Middler Books and More

This blog contains Bruce DuBoff's book reviews, info on other media, and related topics. It is a collaboration between the librarian and both the students of Pennsauken Intermediate School and Phifer Middle School in Pennsauken, NJ, and the general middler book reading community. The books featured here are appropriate for grades 5-8, though not all books reviewed here are appropriate for all of those ages.

Friday, December 03, 2010

Grant, Michael. The Magnificent 12 Book One: The Call. Katherine Tegen Books, 2010. 243 pages. ISBN 13: 978-0-06-183366-3. This book is for grades 5 to 8, or ages 10 to 14, depending on reading level (3 1/2 stars out of 4).

There is no shortage of fantasy on the YA shelves in late 2010. The Harry Potter/Twilight phenomenon has spawned a whole cast (all puns intended to the work of P. C. Cast, one of the most popular fantasy authors in my middle school library) of second generation wizards and vampire-wolf-zombies, and I would speak more about them if I knew more. However, frequent readers of this column know that I do not review much fantasy because I do not like it. I comprehend fantasy’s popularity, I respect its quality authors, and I buy a healthy amount of new and classic fantasy for my students, but like ballet and cooked spinach, I understand their importance but I do not appreciate them. I make no apologies for my likes and dislikes, but I try my best to be fair when a new series comes along that I could review. I am always surprised when I like a fantasy, but The Call, the first book of the new series The Magnificent 12 by Michael Grant, is the kind of work that everyone can like: it is funny, its characters are charming even when they are unsuccessful, and an unlikely hero a la The Karate Kid gets to be a star, even though he is seemingly an ordinary kid.

David “Mack” MacAvoy does not want or need to be a hero. Frankly, he does not believe he could handle it anyway; he is mediocre in every way, surely not the stuff of heroes. However, even though he is medium regular in seemingly every way, there is another side to him that will eventually save his life: “His eyes were brown, too, which is the most common eye color in the world. But there was something else about his eyes. They were eyes that noticed things. Mack didn’t miss much” (3). After nearly getting killed by the guild of bullies at Sedona’ Arizona’s Richard Gere Middle School, he saves the life and arm of Stefan Marr, king bully, who misses Mack with a punch and instead punches a window. Shortly thereafter, a strange man named Grimluk informs Mack that he is actually a member of the Magnifica, a group of twelve guardians who have kept the Pale Queen and her minions trapped for 3,000 years. Grimluk is the last of the old guard, and Mack is charged with finding and assembling the new twelve so they can re-defeat the Pale Queen, aka the Dread Foe, and her evil but alluring daughter, Princess Ereskigal. Stefan the bully decides that Mack is now “under his wing” and he becomes Mack’s protector. Mack is mysteriously provided a replacement for himself at home, a Golem made of mud that looks and sounds exactly like Mack, so Grimluk implores Mack to enlist his newfound brethren around the world: “‘You must go! Now! For the enemy has your scent, and although the Dread Foe is still bound within her subterranean lair, her minions [six races of monsters] run riot” (87). Mack must save the world from an enemy he does not know with a group of people he has never met, traveling with his former bully across the world at age twelve. Who know life could be so exciting for “ordinary” people?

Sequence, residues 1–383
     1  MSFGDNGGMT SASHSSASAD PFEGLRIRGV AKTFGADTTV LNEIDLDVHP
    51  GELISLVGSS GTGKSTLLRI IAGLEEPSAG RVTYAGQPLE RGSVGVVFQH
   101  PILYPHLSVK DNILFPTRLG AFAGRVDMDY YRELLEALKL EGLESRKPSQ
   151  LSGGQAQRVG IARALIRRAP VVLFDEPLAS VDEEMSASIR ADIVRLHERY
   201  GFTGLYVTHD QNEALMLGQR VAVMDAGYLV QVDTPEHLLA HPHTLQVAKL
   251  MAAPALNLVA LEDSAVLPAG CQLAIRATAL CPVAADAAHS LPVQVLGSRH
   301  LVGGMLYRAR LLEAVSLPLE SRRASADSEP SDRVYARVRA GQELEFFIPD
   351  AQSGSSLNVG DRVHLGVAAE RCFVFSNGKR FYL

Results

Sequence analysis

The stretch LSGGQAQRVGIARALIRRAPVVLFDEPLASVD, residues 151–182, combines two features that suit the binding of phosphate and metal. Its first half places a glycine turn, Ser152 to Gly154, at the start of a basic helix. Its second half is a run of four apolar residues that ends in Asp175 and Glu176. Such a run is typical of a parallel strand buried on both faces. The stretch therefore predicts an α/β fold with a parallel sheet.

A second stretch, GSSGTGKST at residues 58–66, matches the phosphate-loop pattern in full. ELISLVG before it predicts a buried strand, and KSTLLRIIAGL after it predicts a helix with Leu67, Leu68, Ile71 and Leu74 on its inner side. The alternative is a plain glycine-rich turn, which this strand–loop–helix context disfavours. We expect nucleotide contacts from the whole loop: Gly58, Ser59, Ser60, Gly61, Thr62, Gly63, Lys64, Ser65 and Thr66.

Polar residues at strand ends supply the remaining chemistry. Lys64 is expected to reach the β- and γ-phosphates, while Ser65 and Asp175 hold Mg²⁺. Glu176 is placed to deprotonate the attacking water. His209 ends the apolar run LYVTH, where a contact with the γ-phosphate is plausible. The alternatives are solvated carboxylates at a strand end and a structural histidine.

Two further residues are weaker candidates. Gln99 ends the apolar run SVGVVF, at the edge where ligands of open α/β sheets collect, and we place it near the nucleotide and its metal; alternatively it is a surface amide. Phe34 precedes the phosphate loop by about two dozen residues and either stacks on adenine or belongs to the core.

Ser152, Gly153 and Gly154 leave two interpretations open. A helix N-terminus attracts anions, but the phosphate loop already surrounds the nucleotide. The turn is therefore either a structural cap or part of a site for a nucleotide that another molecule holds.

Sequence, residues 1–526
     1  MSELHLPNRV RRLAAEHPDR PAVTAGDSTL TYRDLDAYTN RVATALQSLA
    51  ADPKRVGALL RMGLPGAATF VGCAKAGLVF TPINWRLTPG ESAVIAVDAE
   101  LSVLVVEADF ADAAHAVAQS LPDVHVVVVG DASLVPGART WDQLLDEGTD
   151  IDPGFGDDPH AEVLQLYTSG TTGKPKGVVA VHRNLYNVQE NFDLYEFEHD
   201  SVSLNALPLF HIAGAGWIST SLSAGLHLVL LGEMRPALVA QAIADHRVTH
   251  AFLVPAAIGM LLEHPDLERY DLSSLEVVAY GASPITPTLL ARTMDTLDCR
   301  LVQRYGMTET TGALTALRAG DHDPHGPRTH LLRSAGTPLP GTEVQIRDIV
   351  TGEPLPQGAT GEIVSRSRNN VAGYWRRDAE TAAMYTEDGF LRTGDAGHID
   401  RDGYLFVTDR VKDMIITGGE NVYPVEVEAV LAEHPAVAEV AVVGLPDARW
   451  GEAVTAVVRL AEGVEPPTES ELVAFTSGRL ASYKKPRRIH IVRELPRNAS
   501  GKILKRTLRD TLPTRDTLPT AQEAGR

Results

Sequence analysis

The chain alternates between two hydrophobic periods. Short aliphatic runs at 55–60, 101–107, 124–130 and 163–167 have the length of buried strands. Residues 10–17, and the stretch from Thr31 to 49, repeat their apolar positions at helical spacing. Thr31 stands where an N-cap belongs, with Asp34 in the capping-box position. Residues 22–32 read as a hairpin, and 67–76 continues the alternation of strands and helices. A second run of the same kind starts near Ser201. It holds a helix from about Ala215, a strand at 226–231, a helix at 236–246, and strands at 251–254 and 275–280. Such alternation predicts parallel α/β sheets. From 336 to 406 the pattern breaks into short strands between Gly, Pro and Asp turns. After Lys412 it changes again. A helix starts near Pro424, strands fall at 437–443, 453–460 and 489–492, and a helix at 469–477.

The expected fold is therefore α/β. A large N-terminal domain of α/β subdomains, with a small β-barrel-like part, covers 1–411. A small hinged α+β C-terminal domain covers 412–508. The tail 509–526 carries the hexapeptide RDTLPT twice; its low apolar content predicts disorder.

This book is a funny, clever romp and I enjoyed it from beginning to end. It is clearly the first in a series that could get as prolific as the Series of Unfortunate Events. Mr. Grant has Lemony Snicket’s love of language and sarcasm, two passions students have demonstrated they enjoy. The Golem starts a great feature about halfway through the book in which he begins a journal of his experiences that the audience gets to see; it is dramatic irony at its most hilarious, and one can just imagine what will happen to Mack when he attempts to return to his “normal” life and replaces his Golem. Mack is a perfect Everyman, a regular guy asked to be extraordinary and trying his darnedest to not let the world down. Cliffhangers and/or the Golem’s journal entries help to propel each chapter end, while colorful enemies dot the book’s landscape and give Mack a reason to feel more empowered; each day he lives, he figures he just might be better than the bad guys. The back story is effectively woven into the story with humorous flashbacks of Grimluk’s childhood so that the insanity Mack feels is not as insane in the mind of the reader. Also, if an elegant and sophisticated website is the sign of a good book (www.themag12.com) then this is the best work of the millennium; the website is very cool. Michael Grant has created a winner in The Magnificent 12; I hope he can maintain the pace and humor levels enough to last through all twelve participants.

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